Fish and Flows on the Dolores River
Approximately 25 avid paddlers, river runners and outfitters gathered Feb. 11 in Mancos, CO to talk about one of the boating community’s favorite waterways: the Dolores River. The meeting was about a proposed plan to improve habitat for rare native fish in the river and protect water supplies for people. It was hosted by the Dolores River Boating Advocates, who brought the boating community together with a group called the Implementation Team—an extension of a stakeholders’ group in the region who hired independent fisheries scientists to evaluate the status of fish and habitat in the Dolores River that flows below McPhee Reservoir. The result was a report called A Way Forward that identifies nine opportunities people can act upon to keep these native fish from dwindling and becoming endangered.
And just what does this have to do with whitewater boating? The answer, in part, is that what’s good for native fish is also often good for boating. And the mission of the Dolores River Boating Advocates takes in both, seeking “to optimize flows, restore the natural environment, and permanently protect the Dolores River for whitewater boating.”
The Implementation Team has presented a plan to prioritize, act on, monitor and evolve management actions based on nine opportunities to help these native species—some of which have inhabited the Colorado River Basin for millions of years and are found nowhere else in the world.
At last night’s meeting, discussion centered mainly on “spill management,” or how much water the Bureau of Reclamation releases out of McPhee Reservoir. Releases of water from the reservoir are an attempt to mimic natural processes that took place before the dam was built—natural processes such as high flows in spring that cleaned silt and mud from pools and riffles, maintained in-stream habitats that native fish need to find food, escape predators and reproduce, and that produced slowly warming water temperatures that “trigger” some species to reproduce.
It was these natural processes, too, that made the Dolores River legendary among river runners before the dam was constructed. Spring run-off, fast rises, great whitewater rafting.
Construction of the reservoir in 1984-85 changed all that, and today minimum water is released from McPhee. Like many rivers in the West, water is over-allocated, managers are not able to do a good job of forecasting snowmelt and timing run-off, agricultural needs are variable, and everyone, it seems, is asking for more water to come out of the Dolores.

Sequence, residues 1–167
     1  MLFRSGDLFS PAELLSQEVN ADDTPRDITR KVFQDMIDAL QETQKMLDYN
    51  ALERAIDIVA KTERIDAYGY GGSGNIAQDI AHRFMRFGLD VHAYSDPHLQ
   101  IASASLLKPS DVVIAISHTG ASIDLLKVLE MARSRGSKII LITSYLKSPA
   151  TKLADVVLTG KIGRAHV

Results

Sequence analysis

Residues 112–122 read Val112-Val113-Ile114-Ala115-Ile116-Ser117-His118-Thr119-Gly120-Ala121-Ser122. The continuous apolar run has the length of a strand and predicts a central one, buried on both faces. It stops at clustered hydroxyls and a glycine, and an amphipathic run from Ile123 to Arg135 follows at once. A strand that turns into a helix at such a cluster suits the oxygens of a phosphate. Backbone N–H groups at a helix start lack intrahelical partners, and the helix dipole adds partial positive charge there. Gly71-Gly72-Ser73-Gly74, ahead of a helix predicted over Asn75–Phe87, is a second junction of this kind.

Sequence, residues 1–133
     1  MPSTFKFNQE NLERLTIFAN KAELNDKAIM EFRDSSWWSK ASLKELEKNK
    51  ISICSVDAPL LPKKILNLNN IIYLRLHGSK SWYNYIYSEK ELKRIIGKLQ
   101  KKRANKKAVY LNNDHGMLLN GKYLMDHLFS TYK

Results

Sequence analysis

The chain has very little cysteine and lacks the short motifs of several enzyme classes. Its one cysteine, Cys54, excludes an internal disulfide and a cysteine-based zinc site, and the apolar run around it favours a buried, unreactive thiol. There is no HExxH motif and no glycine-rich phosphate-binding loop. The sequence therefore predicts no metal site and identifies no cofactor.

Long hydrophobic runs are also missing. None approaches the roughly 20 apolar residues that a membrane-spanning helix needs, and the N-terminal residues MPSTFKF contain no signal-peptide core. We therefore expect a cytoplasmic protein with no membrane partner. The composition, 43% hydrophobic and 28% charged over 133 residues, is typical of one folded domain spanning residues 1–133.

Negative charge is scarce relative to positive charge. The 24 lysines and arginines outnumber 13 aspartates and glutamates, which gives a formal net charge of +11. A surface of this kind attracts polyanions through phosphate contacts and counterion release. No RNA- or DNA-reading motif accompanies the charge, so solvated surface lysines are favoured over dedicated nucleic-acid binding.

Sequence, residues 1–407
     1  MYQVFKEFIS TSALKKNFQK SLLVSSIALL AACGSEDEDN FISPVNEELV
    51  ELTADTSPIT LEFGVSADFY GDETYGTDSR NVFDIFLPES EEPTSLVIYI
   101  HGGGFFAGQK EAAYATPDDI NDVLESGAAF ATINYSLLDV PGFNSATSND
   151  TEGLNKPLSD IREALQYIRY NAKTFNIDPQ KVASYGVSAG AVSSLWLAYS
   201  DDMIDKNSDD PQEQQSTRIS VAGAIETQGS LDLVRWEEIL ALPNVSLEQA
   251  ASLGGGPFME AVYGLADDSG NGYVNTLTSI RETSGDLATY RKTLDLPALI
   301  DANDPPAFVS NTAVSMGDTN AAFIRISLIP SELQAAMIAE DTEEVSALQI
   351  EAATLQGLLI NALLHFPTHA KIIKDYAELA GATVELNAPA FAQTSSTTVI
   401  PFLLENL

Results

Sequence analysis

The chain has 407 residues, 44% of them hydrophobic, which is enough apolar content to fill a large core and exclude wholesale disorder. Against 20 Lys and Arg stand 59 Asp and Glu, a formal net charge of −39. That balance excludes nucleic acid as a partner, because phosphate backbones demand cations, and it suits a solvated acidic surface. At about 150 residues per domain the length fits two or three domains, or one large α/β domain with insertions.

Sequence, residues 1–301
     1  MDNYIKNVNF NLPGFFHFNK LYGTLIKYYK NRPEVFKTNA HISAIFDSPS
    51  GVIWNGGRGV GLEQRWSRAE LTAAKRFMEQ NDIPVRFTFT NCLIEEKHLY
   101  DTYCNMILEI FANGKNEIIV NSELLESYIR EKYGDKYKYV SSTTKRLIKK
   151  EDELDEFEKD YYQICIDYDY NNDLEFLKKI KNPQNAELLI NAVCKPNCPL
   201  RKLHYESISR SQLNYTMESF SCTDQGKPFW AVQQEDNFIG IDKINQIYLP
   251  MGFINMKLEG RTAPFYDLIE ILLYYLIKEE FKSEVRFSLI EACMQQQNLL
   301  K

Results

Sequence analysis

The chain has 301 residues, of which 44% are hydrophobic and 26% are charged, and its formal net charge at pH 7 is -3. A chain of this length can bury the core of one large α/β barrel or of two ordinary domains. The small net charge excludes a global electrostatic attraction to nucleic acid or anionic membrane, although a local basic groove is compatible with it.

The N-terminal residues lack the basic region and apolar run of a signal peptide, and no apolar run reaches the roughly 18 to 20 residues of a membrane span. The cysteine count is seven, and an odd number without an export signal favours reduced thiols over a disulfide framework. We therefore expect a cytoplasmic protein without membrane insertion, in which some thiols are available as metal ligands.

The Dolores River is an important tributary of the Colorado River–and it is also one of four Colorado tributaries that the Conservation Lands Foundation, with a mission to protect, restore and expand the Conservation Lands through education, advocacy, and partnerships, is focusing on. The Foundation’s goal is to engage people and local organizations that will result in dedicated, effective constituencies—groups of people who know what’s at stake, have the will, and know what action to take—for the conservation of these rivers and the watersheds that sustain them. The Foundation’s intention is to help land and water advocates coordinate their stewardship, which will in turn maximize community-based work to restore and protect these tributaries—and therefore positively impact the Colorado River. It’s a tall order, but the communities and people living near these four rivers are poised to succeed.
In the Dolores River watershed, the Implementation Team and others in the region know there is no one action that can solve habitat problems, result in a predictable boating season, and deliver all the water needed to surrounding lands. Rather, the Team is offering a menu of sorts, made up of these nine opportunities that can result in a collaborative and adaptive approach—one that is intended to result in more water in the river. Consensus is a ways off, but the Dolores River Boating Advocates, along with many other groups in the region, will provide input and offer comments to help create the best action plan possible for the Dolores River.